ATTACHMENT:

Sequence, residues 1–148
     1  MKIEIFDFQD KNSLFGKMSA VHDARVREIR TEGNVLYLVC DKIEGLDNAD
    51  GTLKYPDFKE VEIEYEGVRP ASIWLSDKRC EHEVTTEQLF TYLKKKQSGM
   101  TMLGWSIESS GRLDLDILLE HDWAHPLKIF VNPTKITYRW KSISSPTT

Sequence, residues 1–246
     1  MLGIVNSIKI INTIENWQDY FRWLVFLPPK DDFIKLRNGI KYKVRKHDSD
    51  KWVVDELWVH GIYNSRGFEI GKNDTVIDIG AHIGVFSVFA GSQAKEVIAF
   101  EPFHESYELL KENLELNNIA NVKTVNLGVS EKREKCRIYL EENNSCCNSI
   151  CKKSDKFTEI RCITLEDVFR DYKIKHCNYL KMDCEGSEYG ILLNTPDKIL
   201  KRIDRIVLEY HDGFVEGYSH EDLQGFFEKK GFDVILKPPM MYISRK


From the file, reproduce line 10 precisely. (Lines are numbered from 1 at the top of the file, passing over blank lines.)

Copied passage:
   201  KRIDRIVLEY HDGFVEGYSH EDLQGFFEKK GFDVILKPPM MYISRK